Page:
A “Crappy” Week


Posted On Dec 15 2013 by

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It’s been what you’d call a pretty crappy weekend. With a sick kid and a broken vehicle, the week was already off to a bad start. But I’d taken Friday off to do my annual Dad’s Christmas Shopping Day. This is when I go shopping for my wife and find things for the kids that no mother would ever dream appropriate.

When I got home Thursday afteronoon, Kelly was out dealing with my son’s car. I was angry with the dog, Copper, because he’d kept us up half the night again whining in his kennel. I decided I would walk him, no matter the weather, to burn off some of that energy. Mind you, this was done not out of love but out of some form of martyr instinct, one of those male nuances that makes us want to suffer to show our families how much we’re willing to suffer.

So we walked. In the cold and snow. Ten minutes into our walk we’re passing a house on Coats Road where three German Shepherds live. They’re usually tied up or in a kennel. Tonight they happened to be loose. I’ve been able to stop one of them before by just yelling at it. This did not work on three. Before I could react, two of them had my dog by either end and commenced to shredding him. The third, miraculously, listened to me and just stood and watched for the most part. But two was enough.

Let me tell you, it’s a horrifying experience to have a hold of two big dogs as they tear up yours. There’s nothing you can do unless you happened to come with a sidearm (maybe next time). I don’t think I’ve ever yelled for help in my life, but I did this time. Somehow, at 5:20pm on a Thursday, Coats Road is deserted. A rarity, even for the semi-country dirt road.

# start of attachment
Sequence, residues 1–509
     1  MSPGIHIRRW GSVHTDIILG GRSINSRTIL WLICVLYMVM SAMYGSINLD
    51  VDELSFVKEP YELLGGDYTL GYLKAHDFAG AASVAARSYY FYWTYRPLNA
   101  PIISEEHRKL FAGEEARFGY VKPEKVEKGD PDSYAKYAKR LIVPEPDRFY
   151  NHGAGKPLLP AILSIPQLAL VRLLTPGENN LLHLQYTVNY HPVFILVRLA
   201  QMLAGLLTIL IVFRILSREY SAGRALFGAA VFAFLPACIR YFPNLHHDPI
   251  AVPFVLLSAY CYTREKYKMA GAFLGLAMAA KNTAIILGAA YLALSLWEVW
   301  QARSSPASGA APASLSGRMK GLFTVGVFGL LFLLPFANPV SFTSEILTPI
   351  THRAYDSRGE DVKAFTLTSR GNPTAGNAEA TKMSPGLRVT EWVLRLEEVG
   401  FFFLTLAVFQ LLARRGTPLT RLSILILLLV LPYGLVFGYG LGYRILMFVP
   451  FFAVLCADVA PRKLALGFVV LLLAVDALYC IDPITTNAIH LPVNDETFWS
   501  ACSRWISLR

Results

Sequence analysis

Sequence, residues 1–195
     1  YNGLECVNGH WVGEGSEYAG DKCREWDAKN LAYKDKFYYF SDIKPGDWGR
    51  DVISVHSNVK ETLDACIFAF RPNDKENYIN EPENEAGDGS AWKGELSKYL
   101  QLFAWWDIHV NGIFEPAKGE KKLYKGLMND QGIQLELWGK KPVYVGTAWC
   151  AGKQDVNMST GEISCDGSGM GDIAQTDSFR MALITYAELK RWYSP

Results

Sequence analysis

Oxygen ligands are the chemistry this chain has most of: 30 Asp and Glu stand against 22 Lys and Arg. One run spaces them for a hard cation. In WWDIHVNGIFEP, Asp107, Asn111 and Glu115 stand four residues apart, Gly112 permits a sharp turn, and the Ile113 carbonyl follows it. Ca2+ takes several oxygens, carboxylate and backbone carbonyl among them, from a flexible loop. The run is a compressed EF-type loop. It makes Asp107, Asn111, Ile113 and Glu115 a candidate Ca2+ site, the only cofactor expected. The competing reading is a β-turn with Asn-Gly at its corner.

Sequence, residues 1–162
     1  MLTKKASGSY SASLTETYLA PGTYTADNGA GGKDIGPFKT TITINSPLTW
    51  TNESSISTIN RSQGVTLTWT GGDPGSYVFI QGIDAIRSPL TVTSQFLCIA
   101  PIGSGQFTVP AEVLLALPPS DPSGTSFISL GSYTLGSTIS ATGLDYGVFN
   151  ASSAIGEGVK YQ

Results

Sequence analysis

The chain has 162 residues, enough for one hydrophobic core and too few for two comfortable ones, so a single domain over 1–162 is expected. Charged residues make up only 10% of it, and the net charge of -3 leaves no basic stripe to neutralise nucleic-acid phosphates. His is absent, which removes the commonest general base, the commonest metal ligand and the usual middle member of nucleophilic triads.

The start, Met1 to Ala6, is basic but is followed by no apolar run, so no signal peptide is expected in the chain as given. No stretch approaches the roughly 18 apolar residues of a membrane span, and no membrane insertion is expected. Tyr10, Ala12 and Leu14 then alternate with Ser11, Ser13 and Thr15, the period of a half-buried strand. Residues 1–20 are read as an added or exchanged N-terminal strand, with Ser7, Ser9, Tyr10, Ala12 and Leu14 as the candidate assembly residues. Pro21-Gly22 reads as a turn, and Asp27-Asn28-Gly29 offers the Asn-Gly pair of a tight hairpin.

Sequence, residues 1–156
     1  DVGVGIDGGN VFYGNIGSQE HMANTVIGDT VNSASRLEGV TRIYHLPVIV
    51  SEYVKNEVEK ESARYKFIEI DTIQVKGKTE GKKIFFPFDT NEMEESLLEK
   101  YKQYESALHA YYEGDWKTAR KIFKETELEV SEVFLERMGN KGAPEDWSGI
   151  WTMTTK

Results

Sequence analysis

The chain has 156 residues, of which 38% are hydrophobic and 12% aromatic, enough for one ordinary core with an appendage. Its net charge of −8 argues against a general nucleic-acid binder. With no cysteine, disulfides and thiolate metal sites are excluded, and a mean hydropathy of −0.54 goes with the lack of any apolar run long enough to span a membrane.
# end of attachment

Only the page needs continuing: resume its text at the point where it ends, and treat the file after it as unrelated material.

It felt like minutes, but I’m sure it was 20 or 30 seconds before two grown boys came from behind the house and grabbed their shepherds. The retreated to the house, leaving me on my knees in the middle of a snow-covered dirt road, my dog, somehow, sitting up and snapping at his attackers long after they’d gone. A quick assessment revealed a lot of exposed flesh. I scooped him up and walked the half mile back to my house. Andrew and I drove him to the 24 hour emergency vet 15 miles away in Auburn Hills. $2000 later, Copper looks like the Frankenstein dog that failed.

Friday was spent picking up the dog, taking care of him all day, feeding him pain pills, and talking to Animal Control (very nice lady). Saturday involved a trip to our vet for a bandage change. This was for the gaping wound on the back of his neck. I managed to get my Christmas shopping in during the day. Surprisingly, the mall was not crowded. Could have been the snow. I love my 4WD. Then I was rewarded with another trip to the emergency vet Saturday night after Copper managed to pull out one of his drain tubes (yes, they’re as disgusting as they sound).

After crawling past the Palace of Auburn Hills, where us locals rarely go but must deal with the event traffic, I finally tooled my way home again. Oddly, I was no long angry. Not even annoyed. I kept thinking to myself that I don’t have a wife with cancer. She doesn’t have an unemployed husband. My kids are healthy and never in trouble of any kind. I have a dog who was attacked and I may be out a couple thousand dollars if the owner of the German Shepherds refuses to pay (it would go to Civil court).